A controversy over who should get paid when songs are streamed on the internet is about to get a whole lot bigger as a company that claims to own the royalty rights to 1960s acts, including the Flying Burrito Brothers, has sued Apple’s Beats Music and other online radio services, including Rdio and Google Play.
According to a complaint filed in Los Angeles federal court, Apple’s subsidiary Beats Music owes at least $5 million for not paying performance rights over the older sound recordings.
The lawsuit was filed by Zenbu Magazines LLC, a New York holding company. It appears to be a copycat suit to the ones brought by former musicians from the band The Turtles, who are suing SiriusXM and Pandora over the same issue.
If the lawsuits gain traction, they could serve to wipe out large collections of pre-1972 music from the internet, since companies like Apple and Pandora will likely decide to simply stop playing the older songs rather than add yet another stack of royalty payments to the ones they already pay out. If this happens, consumers could lose access to millions of song recordings from before 1972.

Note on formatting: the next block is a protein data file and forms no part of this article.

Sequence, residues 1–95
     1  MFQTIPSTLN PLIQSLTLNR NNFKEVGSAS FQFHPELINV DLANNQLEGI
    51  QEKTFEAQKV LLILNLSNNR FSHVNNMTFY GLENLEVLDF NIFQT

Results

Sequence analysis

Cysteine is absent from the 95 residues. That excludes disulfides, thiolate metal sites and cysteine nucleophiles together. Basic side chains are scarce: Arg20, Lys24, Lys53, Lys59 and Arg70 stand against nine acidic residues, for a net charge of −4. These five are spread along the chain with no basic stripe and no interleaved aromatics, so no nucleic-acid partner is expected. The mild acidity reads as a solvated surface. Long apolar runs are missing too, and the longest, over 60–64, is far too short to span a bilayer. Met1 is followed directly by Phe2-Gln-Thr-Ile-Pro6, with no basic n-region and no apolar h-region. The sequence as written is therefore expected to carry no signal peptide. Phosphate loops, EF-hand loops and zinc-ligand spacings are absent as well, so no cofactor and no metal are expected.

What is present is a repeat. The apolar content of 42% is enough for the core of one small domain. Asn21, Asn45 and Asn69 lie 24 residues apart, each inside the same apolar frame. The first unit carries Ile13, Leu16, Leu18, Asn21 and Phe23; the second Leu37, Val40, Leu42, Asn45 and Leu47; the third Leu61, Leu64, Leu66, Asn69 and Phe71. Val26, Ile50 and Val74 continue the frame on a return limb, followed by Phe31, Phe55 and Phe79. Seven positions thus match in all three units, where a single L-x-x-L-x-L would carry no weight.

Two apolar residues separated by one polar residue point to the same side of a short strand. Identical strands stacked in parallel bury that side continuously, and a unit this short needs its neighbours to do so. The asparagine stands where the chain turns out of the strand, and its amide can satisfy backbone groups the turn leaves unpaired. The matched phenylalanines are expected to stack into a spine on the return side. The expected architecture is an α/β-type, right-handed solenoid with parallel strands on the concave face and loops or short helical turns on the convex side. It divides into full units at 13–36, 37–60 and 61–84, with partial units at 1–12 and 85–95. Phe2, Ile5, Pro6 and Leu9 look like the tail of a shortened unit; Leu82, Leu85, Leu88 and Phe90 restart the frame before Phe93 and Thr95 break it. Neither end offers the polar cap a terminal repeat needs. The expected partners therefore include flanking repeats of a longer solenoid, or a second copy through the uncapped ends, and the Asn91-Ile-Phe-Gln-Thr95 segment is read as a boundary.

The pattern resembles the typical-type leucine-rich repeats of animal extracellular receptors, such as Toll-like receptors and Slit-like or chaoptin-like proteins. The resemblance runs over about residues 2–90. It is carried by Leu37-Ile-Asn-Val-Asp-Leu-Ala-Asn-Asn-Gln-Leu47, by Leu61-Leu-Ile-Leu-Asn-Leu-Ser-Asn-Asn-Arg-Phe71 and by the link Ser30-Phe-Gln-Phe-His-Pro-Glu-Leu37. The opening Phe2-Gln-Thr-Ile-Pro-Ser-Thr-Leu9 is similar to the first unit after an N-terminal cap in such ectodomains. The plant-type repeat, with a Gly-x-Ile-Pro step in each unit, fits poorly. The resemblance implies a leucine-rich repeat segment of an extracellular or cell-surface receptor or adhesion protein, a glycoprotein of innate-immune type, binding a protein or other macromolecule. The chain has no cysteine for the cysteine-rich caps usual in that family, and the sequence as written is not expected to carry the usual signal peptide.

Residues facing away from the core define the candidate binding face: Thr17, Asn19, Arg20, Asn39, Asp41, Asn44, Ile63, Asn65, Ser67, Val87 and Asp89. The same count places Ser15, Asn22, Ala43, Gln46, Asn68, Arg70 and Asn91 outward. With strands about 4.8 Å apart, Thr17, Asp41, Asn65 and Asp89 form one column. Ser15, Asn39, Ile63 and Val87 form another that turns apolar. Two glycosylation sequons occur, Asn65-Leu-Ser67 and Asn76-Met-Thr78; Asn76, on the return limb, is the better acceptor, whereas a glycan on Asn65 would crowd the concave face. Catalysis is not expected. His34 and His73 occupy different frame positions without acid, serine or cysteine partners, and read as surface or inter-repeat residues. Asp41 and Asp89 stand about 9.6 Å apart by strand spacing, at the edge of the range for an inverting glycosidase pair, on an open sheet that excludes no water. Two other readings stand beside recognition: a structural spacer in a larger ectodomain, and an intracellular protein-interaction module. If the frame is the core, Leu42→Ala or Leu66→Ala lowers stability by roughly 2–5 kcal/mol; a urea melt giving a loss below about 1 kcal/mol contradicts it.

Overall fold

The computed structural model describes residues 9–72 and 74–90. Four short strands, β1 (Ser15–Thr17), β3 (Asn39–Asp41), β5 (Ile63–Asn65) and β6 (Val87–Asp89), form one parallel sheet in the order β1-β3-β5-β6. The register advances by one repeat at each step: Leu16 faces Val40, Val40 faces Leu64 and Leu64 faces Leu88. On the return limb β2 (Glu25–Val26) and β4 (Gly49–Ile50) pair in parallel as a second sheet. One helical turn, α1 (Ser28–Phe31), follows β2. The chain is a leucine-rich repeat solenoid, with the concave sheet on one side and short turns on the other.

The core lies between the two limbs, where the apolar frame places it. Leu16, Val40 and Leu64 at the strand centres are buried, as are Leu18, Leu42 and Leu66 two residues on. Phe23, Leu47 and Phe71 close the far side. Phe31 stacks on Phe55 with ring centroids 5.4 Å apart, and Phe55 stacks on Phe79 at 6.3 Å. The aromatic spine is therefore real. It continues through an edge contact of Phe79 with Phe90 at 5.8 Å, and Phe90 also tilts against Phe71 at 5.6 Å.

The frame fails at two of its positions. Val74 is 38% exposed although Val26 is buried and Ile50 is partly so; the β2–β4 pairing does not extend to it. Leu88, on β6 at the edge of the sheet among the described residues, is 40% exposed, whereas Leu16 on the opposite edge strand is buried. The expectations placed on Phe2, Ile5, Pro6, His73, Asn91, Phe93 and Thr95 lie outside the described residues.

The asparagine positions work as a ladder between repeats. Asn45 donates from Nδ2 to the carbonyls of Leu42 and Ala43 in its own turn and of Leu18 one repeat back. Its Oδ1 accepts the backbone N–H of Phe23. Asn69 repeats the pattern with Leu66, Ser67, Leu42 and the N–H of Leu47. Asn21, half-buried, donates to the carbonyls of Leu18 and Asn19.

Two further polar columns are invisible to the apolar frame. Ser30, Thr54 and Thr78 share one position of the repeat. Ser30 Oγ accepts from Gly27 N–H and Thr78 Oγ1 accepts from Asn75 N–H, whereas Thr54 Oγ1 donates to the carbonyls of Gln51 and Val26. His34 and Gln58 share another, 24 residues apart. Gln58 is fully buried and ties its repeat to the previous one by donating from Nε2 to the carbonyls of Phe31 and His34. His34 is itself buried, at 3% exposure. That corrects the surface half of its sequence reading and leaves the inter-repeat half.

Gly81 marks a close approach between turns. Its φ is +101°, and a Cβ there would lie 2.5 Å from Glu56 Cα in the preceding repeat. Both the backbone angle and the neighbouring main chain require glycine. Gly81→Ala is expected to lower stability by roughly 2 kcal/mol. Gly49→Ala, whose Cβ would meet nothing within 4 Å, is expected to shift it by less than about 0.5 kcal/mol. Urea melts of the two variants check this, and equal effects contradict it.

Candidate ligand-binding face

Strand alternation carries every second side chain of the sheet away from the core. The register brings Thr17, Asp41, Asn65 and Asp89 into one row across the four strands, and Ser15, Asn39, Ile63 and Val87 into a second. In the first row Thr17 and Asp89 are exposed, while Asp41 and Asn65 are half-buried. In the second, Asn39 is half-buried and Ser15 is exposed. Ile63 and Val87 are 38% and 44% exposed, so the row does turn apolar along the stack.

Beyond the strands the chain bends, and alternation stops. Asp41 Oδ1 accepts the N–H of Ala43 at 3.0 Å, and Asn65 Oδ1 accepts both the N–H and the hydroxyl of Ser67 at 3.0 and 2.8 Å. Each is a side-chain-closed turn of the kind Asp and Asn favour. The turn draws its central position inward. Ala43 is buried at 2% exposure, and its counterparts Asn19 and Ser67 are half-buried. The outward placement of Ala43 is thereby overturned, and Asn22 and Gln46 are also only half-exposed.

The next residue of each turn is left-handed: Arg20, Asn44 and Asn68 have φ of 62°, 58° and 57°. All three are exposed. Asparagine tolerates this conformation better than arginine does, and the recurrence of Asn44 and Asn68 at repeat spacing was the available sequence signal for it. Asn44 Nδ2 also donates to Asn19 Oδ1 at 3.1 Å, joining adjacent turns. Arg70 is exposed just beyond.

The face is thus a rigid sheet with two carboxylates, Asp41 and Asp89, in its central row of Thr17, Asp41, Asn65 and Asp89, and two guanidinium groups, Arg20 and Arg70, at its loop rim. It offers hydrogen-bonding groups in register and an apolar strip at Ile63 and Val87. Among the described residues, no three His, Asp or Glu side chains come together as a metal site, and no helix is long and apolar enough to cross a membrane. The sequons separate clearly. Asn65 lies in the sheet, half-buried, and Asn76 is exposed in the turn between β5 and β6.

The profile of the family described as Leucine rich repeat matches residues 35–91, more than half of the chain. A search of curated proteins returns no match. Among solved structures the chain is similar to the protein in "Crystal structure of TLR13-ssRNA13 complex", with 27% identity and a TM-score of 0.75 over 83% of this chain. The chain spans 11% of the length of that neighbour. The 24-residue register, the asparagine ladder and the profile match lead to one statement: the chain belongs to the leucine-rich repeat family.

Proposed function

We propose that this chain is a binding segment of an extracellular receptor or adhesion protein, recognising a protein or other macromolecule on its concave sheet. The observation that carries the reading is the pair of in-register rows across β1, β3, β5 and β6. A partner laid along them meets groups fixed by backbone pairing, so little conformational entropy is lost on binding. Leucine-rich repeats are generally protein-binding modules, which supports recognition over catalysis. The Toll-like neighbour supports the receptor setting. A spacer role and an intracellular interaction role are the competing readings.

As I’ve argued in the past, these lawsuits are simply a shakedown in which music lawyers are attempting to exploit the public’s sympathy for aging musicians and ignorance of copyright law in order to obtain a windfall.
The legal nitty-gritty is complicated but, in short, there is overwhelming evidence that performers, unlike songwriters, never had a right to be paid for public performances of sound recording in the first place — though they are paid when such recordings are sold. The songwriters, meanwhile, get paid in every case.
Here’s a copy of the lawsuit against Beats Music. Apple did not immediately respond to a request for comment.
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